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Leaving group

From Simple English Wikipedia, the free encyclopedia

In chemistry, a leaving group is an atom or molecule that leaves another molecule during a reaction. This reaction can be for example a nucleophilic substitution. In this case the leaving group gets a pair of electrons. Some leaving groups are better than others. This is because some atoms or molecules like getting extra electrons. The halides are a good example of good leaving groups.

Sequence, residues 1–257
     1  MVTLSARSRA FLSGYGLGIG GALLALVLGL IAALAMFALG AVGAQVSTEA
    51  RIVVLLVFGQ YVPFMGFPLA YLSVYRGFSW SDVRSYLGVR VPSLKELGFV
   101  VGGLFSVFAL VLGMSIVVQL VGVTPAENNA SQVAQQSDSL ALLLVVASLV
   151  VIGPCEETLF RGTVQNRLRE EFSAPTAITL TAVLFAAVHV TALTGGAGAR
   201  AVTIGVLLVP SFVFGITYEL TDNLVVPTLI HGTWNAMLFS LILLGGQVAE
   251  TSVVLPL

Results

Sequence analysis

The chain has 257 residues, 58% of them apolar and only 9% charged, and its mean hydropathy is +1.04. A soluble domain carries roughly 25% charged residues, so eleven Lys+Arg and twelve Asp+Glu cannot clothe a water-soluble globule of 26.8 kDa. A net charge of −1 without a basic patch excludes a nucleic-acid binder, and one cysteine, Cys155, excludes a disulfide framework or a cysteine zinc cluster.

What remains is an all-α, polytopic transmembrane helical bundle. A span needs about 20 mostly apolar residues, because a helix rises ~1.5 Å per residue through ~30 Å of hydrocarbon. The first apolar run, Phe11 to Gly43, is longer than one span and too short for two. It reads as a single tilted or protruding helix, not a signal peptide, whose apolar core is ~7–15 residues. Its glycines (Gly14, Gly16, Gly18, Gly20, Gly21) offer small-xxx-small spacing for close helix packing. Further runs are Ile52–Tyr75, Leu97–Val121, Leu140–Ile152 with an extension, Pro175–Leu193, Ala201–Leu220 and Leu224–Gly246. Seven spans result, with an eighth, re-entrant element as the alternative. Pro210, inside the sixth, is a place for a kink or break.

In this SN2 reaction, bromide (Br) is the leaving group and hydroxide (OH) is the nucleophile.

The type of leaving group can change the type of reaction that happens. For example, bad leaving groups make an SN1 reaction more difficult, while they make an SN2 reaction easier.